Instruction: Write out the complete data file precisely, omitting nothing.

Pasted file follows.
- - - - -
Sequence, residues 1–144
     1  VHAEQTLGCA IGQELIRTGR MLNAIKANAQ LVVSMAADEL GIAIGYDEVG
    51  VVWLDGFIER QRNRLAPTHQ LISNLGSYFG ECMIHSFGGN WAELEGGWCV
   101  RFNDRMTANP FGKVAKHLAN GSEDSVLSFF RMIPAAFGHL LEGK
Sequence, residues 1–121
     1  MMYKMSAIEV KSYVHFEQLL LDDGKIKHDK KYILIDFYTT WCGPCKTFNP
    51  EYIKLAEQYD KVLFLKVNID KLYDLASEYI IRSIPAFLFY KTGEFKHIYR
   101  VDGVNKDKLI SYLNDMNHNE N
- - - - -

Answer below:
Sequence, residues 1–144
     1  VHAEQTLGCA IGQELIRTGR MLNAIKANAQ LVVSMAADEL GIAIGYDEVG
    51  VVWLDGFIER QRNRLAPTHQ LISNLGSYFG ECMIHSFGGN WAELEGGWCV
   101  RFNDRMTANP FGKVAKHLAN GSEDSVLSFF RMIPAAFGHL LEGK
Sequence, residues 1–121
     1  MMYKMSAIEV KSYVHFEQLL LDDGKIKHDK KYILIDFYTT WCGPCKTFNP
    51  EYIKLAEQYD KVLFLKVNID KLYDLASEYI IRSIPAFLFY KTGEFKHIYR
   101  VDGVNKDKLI SYLNDMNHNE N